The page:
Steve Markel

Well, the costs are going to accelerate in 2010, Mark, this the build year. We are heading into build mode on a lot of the systems and that's where you spend big part of the money. So the cost is going up, obviously with volume having been down that's a bit of the issue as well. But yes, costs will be up in 2010 and I think this is the high water year for cost.

Operator

Our next question is from the line of Jay Cohen with Banc of America.

Jay Cohen - Banc of America

Just to call up on that last question. The cost from One Markel, I had assumed that '09 would be the piece, I'm not sure why, it's not that. Is this a change in your expectation, the fact that the incremental expenses to go up a little bit in 2010?

Steve Markel

Jay, I'm trying to think that, but I think we have always said that this was the big year. Well, yeah, and somebody just mentioned maybe there is a little confusion on we did implement the business model in 2009 and obviously there were certain costs surrounding that. The piece we're really talking about now, the technology initiative that will support the business model going forward and we sometime have referred to it as Atlas, when we go back and forth between Atlas and One Markel, that piece has always been, the thought has always been that 2010 was the sort of the peak year in terms of costs.

Jay Cohen - Banc of America

Okay that makes sense, and then the second question. It looks like the expense ratio did tick-up in the second half of 2009, I'm assuming some of that is bigger accruals because of the book value growth, is that accurate?

Steve Markel

Jay that's exactly correct. Starting out the year, we were actually taking bonus accruals down because we were concerned about what results might look like for the year, as the year progresses, the world came better and as a result it looks better. We started putting up heavier bonus accruals to catch up. So the third and fourth quarter were hit disproportionately with bonus accruals.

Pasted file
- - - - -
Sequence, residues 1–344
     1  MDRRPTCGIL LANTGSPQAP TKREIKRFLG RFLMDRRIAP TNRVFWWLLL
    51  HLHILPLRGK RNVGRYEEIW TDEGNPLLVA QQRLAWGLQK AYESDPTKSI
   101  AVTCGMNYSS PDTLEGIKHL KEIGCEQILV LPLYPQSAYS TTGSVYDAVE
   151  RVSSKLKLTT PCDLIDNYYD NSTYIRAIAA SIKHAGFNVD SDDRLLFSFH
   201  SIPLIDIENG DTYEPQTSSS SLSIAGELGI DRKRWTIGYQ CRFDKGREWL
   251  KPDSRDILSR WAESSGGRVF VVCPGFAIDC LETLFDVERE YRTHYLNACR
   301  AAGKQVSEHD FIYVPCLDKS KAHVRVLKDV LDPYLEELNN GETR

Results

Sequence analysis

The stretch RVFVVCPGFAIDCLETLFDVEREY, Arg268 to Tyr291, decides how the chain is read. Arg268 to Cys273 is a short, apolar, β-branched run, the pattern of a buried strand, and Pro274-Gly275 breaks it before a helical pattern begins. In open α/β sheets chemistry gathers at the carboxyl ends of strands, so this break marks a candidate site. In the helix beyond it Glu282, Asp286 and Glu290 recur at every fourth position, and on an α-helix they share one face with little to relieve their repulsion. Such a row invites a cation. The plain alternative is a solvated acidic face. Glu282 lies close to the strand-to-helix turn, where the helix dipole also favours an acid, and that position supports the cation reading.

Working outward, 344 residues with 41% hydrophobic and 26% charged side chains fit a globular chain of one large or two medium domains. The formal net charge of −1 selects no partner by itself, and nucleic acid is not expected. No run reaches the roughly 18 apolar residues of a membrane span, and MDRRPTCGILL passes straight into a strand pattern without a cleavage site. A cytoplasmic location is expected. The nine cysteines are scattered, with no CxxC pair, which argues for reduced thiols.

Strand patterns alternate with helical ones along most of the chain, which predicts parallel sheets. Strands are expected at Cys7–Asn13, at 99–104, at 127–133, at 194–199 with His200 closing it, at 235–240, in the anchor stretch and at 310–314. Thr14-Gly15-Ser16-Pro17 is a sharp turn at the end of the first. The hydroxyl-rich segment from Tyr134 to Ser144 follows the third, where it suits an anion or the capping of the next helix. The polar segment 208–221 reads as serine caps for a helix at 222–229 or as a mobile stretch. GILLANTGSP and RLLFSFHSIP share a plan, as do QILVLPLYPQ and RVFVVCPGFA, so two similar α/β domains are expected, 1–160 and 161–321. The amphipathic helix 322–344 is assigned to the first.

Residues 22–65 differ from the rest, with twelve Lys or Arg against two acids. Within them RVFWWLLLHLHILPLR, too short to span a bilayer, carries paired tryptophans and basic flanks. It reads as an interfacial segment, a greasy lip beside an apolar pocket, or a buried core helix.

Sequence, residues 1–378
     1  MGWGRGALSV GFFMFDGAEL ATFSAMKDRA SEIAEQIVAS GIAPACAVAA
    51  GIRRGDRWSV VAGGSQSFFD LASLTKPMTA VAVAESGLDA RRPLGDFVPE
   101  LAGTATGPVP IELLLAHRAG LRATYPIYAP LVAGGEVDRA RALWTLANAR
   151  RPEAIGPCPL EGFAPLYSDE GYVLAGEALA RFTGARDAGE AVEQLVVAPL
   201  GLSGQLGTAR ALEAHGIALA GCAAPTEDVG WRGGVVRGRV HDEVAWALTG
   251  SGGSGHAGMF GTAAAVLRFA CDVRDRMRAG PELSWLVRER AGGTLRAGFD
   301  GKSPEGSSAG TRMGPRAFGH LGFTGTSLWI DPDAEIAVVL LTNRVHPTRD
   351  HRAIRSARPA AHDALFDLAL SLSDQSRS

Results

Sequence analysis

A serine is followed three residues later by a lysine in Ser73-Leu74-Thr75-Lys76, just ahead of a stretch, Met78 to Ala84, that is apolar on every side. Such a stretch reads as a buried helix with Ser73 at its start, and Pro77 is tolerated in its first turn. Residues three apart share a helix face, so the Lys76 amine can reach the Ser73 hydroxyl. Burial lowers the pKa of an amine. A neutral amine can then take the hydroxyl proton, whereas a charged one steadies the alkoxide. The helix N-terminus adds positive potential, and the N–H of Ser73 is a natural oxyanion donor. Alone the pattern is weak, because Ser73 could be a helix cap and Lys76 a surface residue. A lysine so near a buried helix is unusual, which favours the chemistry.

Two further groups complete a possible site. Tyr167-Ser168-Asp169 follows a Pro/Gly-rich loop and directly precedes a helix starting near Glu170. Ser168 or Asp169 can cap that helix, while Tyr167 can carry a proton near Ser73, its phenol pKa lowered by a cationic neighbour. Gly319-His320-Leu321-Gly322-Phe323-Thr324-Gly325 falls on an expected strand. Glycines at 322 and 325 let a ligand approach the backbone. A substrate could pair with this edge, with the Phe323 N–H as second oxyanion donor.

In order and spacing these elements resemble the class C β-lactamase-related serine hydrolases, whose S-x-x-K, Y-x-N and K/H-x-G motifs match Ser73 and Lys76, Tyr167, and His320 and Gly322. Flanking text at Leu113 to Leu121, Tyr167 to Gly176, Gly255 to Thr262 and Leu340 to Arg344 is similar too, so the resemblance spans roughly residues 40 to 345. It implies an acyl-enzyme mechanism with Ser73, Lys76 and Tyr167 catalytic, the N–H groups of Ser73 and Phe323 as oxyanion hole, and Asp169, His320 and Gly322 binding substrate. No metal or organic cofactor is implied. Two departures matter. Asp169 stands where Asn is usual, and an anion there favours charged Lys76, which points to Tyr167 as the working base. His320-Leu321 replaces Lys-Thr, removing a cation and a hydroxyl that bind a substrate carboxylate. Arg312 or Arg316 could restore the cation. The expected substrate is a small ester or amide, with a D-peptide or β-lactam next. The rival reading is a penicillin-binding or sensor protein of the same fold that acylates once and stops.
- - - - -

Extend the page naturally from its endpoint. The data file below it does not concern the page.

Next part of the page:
Operator

Thank you. Our final question is a follow-up question from the line of Beth Malone with Wunderlich Securities.

Beth Malone - Wunderlich Securities

Okay, I have two follow ups, one is what was the tangible book value at year end '09?

Richie Whitt

Beth, tangible book value per share $231 a share.

Beth Malone - Wunderlich Securities

And then just a follow-up on comments that Steven made about inflation. It sounds like that's something of a greater concern and I'm wondering is there any positioning or strategizing you can do in anticipation of inflation either in your pricing or how you're reserving, do you assume inflations going up when you are setting aside these reserves?

Steve Markel

We clearly [include] a concern about it and if we have to pick a number before X and Y, you add something to the probability that there is more inflation in the future than we've had in the past. And so yes, we are including something in the current picks, so we try to compensate with that. Whether it's enough then you don't know what inflation will be five years from now, so we don't know that we're picking the right number, but picking something greater than zero make sense, and so we're doing so and probably more so than others in the business. I can't quantify for you that the system is part of the overall projected judgment and part of what I actually was trying to deal with.

Ladies and gentlemen, I want to thank you all for participating in Markel's fourth quarter conference call. As always, we will be available if you have any further questions or comments, don't hesitate to let us know and we thank you for you continued support. I wish everybody a good day and we'll talk to you next quarter.

Operator

This concludes today's teleconference. You may disconnect your lines at this time. Thank you for your participation.

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Source: Markel Corp. Q4 2009 Earnings Call Transcript